I can't tell you how many times long-time real estate brokers have told me, "This business is a relationships business." Well, so is everything else. You don't retain lawyers who behave dismissively to you and you don't leave generous tips for waiters who ignore you. Those kinds of transactions are centered around you and what you want, relationship concerns notwithstanding. 

With a personal injury lawyer, you pretty well know what you're getting when you select a $500-per-hour firm over a $200-per-hour firm. With a real estate broker whose compensation depends on the close of your transaction and not its conduct, you have no idea. Her advice to lower your price or accept an offer is always a bit suspect, no matter how much you like her, no matter how nice the relationship is.

With LessThan6Percent, a seller enters certain criteria, anonymously, and a local broker will make a proposal, including fees, marketing plan details, and so on. In other words, a client may see, in detail, what she's getting and what it costs. This is really cool. Sadly, the service is only available in the San Francisco Bay area, but it's a sign of where things are headed, in my view.

I have some issues with it. Only brokers who it sells subscriptions to can respond to client Request For Proposals (RFPs). LessThan6Percent has determined its own criteria for broker-subscribers, and their metrics exclude newbies and others with low volume, for whatever reason. It still has a top-down factor, which is anti-consumer. Excuse me, but new, young brokers without much of a track record and hundreds of past and future clients on a drip mail system can often do far more for you than Mr. Spin and Grin on the shopping cart. Number Two might try harder.

To me, the ideal consumer website would allow sellers to post their homes for sale, with free, unfettered access to the site for buyers. Brokers, title companies, lawyers, home inspectors and brokers could advertise on the site. Sellers would have the option of paying for whatever services by tendering RFPs, and buyers could likewise receive offers for representation and, in the process, learn that buyer-brokers are not "free" after all.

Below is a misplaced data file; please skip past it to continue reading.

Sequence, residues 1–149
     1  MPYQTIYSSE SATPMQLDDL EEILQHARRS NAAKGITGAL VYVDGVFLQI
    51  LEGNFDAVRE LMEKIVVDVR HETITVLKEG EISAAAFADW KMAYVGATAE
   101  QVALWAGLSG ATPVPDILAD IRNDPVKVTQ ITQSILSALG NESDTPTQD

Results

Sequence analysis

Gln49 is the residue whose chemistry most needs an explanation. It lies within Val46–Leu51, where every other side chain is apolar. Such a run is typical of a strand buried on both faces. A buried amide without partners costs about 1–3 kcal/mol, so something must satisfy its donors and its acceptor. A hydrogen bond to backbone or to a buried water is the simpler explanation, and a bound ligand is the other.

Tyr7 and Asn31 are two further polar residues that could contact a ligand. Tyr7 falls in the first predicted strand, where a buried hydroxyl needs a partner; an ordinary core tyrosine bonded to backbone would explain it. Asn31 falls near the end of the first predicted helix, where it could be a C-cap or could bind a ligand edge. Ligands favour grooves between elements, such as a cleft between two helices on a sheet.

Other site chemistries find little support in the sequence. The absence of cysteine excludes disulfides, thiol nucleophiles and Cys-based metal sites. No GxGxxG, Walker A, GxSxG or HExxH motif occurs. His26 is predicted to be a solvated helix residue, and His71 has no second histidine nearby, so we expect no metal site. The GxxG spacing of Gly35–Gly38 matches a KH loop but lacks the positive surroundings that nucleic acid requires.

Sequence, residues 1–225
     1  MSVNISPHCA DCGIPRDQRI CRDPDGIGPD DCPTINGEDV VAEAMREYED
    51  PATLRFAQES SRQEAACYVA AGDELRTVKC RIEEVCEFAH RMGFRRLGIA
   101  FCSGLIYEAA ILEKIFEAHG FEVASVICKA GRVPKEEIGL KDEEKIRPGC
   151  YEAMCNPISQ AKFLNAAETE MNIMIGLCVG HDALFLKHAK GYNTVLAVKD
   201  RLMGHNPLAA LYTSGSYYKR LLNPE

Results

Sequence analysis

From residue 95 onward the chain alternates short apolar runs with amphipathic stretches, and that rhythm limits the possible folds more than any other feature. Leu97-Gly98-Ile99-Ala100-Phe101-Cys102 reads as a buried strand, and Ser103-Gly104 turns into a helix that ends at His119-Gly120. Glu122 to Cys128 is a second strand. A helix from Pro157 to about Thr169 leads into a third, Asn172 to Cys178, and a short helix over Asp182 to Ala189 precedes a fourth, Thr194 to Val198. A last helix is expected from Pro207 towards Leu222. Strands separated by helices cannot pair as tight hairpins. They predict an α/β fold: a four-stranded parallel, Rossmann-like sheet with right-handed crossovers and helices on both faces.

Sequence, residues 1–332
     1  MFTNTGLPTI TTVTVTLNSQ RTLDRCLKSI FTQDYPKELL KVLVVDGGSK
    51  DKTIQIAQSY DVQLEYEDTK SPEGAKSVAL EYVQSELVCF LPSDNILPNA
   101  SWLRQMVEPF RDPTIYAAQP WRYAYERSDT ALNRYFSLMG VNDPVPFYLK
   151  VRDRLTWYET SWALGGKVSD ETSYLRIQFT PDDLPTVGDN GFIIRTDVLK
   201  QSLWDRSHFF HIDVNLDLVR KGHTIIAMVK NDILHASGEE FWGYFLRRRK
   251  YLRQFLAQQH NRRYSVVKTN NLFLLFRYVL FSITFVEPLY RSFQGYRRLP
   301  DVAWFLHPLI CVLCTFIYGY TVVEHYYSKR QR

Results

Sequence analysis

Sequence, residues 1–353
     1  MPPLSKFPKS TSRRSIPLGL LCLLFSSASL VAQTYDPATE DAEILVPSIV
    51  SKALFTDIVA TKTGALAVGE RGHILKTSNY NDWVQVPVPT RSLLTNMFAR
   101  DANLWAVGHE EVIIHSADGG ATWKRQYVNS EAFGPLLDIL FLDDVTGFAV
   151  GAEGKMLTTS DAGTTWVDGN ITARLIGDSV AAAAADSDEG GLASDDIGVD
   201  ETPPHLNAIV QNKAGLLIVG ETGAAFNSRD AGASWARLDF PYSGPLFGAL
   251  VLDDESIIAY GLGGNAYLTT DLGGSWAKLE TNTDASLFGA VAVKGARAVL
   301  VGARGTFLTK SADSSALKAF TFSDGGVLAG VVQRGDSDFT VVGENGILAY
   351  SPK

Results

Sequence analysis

The transaction would be completely Client-centered, because brokers, and others, would compete for your business in a totally transparent way. People who don't like hondling (excuse me, haggling, or who like working with an objective, structured and (initially) anonymous process--which includes most millennials and many Gen X'rs and Y'rs prefer doing business this way.

The Next Big Thing? Maybe.


I was going to write a few lines on why Redfin is so terrific for both buyers and sellers, but this post has gone on too long. If you're interested, ask me in the comments section. I've been thinking of doing an advice section anyway, and this might be a good way to kick things off.

I can't always write about LIfe and my sometimes cynical, hopefully humorous, approach to it. Real estate, where I've worked more than 35 years in various capacities, needs to count for something.

Friday, April 5, 2013

My Father's Kerfuffle With the IRS

Every now and then, I get on a roll with my old man's stories, and the IRS' sortie against him was a good one.

He owned a sawmill in the Sierras, not far from Truckee, which he'd bought for nothing down from some estate in Chicago who'd abandoned the facility and was thrilled to find any taker. Though the equipment was old, he managed to make it work. In the late 1960s, the federal government was buying all the lumber it could and shipping it off to Vietnam.

A small annoyance, though, was the number of ranchers and locals who would come to the mill to buy lumber. Selling to jobbers and wholesalers by the railcar load was one thing, but a few boards and two-by-fours in the back of a guy's pickup was a nuisance. Still, he did it to stay in good graces.

But they had to pay cash, and over the years, several thousand dollars had built up. He split the proceeds with the mill GM and the bookkeeper.

How the IRS found out I do not know. One of my father's business aphorisms was, "Don't bullshit the banker and don't fire the bookkeeper," so a violation of the latter was suspect. But the bookkeeper was my cousin, hadn't been fired and also got his cut.